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Some microorganisms can be classified by the substances they grow on, their colors, or the conditions under which they grow best. Research to identify each type in reference books.
Molds are classified by three basic shapes -- rodlike (bacilli), spherical (cocci), and spiral (pirilla).
Culture some white-bread mold. After a week, you will see a variety of molds growing on the bread. Count the different colors. Each color is a different colony of mold.
Black mold is a common variety that can be examined with a hand lens. It is called rhizopus ("RIZE-oh-puss"). The small round balls you see on the end of the slender stalks are cases containing spores. When the cases ripen, they release the spores* into the air, and some fall upon the bread to form new mold. You can open the cases and examine the spores in the microscope.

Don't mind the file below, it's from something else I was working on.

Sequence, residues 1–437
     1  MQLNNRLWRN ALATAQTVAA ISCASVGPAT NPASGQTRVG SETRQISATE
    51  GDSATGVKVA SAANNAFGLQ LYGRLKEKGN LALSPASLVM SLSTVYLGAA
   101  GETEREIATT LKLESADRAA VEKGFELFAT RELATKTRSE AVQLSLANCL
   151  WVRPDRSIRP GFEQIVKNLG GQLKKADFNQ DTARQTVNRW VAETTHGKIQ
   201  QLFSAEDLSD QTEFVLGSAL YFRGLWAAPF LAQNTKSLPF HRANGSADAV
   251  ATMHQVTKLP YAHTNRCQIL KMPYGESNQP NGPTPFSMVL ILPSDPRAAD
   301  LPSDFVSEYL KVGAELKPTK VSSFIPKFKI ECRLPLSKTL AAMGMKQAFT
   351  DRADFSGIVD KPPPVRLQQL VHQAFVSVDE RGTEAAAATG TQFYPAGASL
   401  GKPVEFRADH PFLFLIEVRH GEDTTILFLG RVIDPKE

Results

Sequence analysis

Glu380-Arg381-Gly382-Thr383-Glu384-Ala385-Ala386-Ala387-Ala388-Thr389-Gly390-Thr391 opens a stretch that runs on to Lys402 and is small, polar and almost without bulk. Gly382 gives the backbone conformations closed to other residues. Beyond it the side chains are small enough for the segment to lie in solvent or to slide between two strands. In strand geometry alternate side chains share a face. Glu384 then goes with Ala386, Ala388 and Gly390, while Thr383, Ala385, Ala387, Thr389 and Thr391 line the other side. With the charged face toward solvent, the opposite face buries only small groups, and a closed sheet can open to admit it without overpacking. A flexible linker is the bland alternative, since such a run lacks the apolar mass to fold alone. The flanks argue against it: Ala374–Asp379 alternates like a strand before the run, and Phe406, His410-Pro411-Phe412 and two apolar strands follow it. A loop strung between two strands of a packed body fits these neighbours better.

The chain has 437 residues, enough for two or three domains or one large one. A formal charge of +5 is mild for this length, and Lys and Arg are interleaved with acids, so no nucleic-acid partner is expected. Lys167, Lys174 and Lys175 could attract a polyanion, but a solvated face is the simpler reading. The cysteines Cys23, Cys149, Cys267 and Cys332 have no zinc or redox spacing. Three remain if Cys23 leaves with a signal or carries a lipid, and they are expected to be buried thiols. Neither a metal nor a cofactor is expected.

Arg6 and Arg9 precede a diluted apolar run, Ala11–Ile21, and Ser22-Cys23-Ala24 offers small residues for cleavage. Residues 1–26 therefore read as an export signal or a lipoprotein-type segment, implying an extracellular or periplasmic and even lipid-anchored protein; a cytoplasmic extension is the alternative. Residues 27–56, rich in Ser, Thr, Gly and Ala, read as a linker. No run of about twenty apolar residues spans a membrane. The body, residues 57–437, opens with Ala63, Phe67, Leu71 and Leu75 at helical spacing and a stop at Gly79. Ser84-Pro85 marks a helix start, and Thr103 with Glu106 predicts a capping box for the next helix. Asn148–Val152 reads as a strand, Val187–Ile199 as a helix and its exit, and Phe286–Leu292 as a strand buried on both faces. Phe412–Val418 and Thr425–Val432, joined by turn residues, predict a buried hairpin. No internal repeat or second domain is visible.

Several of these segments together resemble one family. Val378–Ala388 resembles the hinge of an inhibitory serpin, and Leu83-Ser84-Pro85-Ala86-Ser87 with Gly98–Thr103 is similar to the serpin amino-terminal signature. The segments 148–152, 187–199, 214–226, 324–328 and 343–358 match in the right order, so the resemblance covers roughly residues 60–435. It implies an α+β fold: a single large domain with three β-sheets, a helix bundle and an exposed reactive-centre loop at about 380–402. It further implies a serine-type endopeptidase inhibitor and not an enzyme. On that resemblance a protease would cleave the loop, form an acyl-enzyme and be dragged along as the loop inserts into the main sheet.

Roquefort, blue, and Gorgonzola cheeses grow penicillium molds. These can be removed from the cheeses with a fine needle and placed on a microscope slide. Their structures can be seen under a microscope.
* Spores can be very dangerous to people with respiratory diseases. Some refrigerators have trays underneath them. The condensation from the fridge is funneled down into those trays and the liquid evaporates. That leaves mold and spores that we shouldn't have in our houses.
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